Top 20 Electricity Producers from Fossil Fuels Globally in 2019

Source: Euromonitor International Environmental Sustainability Index. Note: The index ranks 97 countries globally.

Since 2015, the US has showed minimal reduction in fossil fuel-driven electricity. In the meantime, China and India have increased the volume by 20% and 35%, respectively, over the period 2015-2019 remaining in the bottom half of Euromonitor’s Global Sustainability Index Air Pollution ranking in 2019. As coal is being abandoned and phased out by governments and financial markets around the world, the demand in Asia, especially in developing economies, remains a serious issue.

Top 20 Energy Sustainability Ranking

Source: Euromonitor International Environmental Sustainability Index. Note: The index ranks 97 countries globally.

Asia may miss post-lockdown green restart putting global goals at risk

The emphasis on deep decarbonisation of the global energy supply is at the core of green recovery policies, tackling demand-side issues across all user sectors. Germany and the UK are already on the upper end of Euromonitor’s Global Sustainable Energy Pillar ranking in 2019, both improving their position from their rank since 2015.

Germany is shutting its last coal-fired power plant by 2038. Moreover, post-COVID-19 recovery funding for “climate action,” was strongly supported by Germany’s business community. Over 60 German companies, including brands such as Bayer and ThyssenKrupp, have issued a joint statement for the stimulus funding to be tied to a green transition. Germany’s steel companies are clear innovation leaders in climate-friendly steel production. For example, in the light of Green Deal funding, Germany’s biggest steel manufacturer is lobbying the government to help the company to transition steel production from coal-powered to hydrogen-fuelled. Salzgitter, largest German steel producer, has developed a concept to replace fossil fuels used in conventional steelmaking with a gradually rising share of renewable hydrogen.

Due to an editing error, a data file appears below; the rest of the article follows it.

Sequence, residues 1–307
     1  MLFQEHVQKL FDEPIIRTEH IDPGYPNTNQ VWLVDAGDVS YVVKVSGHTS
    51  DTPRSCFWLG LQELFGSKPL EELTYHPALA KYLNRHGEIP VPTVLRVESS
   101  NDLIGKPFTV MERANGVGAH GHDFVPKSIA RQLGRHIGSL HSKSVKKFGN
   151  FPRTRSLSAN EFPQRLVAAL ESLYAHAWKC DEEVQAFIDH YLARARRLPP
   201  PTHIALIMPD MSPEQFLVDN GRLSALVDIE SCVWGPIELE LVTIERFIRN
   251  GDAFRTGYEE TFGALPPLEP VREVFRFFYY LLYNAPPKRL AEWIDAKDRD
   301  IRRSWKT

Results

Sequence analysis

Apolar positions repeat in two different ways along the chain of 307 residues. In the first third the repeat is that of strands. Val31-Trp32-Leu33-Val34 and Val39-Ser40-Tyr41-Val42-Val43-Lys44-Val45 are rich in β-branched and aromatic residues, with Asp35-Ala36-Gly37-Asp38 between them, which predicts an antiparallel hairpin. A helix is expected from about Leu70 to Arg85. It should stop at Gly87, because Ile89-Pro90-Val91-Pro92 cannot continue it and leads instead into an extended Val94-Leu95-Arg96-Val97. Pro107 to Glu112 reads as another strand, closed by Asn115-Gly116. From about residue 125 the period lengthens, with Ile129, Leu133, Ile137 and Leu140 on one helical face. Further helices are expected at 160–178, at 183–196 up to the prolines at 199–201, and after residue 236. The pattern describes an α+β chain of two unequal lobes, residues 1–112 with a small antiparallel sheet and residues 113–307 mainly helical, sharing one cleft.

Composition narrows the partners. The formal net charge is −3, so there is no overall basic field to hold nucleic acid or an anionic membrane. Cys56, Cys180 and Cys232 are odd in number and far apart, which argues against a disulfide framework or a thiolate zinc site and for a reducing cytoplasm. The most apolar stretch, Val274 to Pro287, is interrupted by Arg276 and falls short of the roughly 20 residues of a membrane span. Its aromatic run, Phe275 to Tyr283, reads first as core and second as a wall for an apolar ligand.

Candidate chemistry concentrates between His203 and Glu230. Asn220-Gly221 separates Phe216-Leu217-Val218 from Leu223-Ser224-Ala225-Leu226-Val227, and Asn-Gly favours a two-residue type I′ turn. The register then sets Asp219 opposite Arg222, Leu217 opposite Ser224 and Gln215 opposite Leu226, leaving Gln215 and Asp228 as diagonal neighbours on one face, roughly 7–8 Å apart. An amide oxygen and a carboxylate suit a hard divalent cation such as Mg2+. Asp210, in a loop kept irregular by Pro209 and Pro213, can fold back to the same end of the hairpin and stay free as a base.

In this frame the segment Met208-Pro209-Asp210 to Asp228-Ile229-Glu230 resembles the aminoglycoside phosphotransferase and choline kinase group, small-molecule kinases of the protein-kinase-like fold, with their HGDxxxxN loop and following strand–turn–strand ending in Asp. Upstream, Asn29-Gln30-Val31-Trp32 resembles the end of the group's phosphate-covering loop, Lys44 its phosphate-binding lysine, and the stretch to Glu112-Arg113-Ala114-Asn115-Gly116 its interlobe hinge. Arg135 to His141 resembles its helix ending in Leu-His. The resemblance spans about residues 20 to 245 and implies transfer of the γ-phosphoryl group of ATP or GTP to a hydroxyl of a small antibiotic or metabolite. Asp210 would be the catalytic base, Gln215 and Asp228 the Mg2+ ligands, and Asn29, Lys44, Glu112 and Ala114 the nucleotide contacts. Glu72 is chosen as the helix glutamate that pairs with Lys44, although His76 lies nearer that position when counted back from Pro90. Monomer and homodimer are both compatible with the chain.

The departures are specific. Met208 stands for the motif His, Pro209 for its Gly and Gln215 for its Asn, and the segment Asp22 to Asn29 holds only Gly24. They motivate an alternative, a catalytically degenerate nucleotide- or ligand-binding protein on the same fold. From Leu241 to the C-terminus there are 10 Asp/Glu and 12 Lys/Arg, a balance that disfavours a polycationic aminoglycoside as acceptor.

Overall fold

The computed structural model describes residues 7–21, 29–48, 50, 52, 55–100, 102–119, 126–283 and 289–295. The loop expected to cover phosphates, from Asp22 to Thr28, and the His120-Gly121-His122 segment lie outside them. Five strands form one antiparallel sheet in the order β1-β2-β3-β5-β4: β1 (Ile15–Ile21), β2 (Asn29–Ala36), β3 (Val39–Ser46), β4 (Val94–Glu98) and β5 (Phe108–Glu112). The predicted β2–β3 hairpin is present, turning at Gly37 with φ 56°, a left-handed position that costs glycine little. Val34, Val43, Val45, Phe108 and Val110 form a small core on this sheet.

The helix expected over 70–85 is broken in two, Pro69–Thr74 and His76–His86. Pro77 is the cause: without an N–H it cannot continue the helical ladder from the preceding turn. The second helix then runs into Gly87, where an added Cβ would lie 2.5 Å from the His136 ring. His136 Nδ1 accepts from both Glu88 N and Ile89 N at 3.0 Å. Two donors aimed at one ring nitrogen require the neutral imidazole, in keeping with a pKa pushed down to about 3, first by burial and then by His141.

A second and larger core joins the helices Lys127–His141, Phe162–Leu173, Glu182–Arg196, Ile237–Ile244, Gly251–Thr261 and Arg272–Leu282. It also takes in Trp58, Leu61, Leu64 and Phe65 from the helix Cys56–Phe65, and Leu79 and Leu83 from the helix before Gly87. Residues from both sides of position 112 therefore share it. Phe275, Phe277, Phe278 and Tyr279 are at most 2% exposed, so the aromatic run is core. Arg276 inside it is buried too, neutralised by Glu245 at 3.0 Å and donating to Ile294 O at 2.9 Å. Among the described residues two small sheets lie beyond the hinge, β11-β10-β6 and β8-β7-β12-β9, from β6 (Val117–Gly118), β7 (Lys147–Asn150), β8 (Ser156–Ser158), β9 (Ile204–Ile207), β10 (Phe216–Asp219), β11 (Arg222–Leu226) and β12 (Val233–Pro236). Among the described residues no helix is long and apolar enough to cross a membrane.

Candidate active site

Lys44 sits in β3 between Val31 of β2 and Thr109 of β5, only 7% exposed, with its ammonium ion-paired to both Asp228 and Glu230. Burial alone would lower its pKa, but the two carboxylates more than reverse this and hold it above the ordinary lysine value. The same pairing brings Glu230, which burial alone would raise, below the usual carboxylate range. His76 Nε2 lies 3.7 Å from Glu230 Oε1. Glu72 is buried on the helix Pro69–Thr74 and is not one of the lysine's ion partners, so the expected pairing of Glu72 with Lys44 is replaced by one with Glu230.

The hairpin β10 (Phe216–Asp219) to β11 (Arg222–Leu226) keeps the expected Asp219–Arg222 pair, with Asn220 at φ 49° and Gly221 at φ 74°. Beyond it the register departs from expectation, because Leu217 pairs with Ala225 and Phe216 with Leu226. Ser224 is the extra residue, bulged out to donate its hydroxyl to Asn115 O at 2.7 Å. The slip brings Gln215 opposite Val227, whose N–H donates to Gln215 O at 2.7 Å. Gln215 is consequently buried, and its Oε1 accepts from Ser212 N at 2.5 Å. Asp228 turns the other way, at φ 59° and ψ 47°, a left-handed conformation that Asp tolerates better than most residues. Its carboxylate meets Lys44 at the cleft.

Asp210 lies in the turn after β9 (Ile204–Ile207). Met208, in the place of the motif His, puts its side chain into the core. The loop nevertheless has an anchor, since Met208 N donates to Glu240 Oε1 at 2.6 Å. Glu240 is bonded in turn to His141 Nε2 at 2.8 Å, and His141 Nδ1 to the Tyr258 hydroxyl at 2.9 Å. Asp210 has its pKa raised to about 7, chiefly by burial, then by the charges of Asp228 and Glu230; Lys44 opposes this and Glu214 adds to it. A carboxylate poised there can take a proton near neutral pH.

Nevertheless, India, Indonesia and Thailand, while improving, remained towards the bottom of the Global Sustainable Energy Pillar ranking in 2019. Asia was already behind on meeting its 2030 targets when the pandemic hit. While India’s fossil fuel-driven energy sector continues to receive more subsidies than renewable energy, India and Southeast Asia’s green recovery plans mainly revolve around tackling looming unemployment through green public works programmes or infrastructure investments for electric vehicle and digital expansion, rather than substantial energy sector strategic revisions or consumption reduction through innovation and R&D.

Similar to the EU, Asian governments are dedicating historic stimulus sums into industrial expansion, consumption and employment. Yet, the most important asset of CO2 reduction, the fossil fuel-driven energy sector in Asia, remains intact.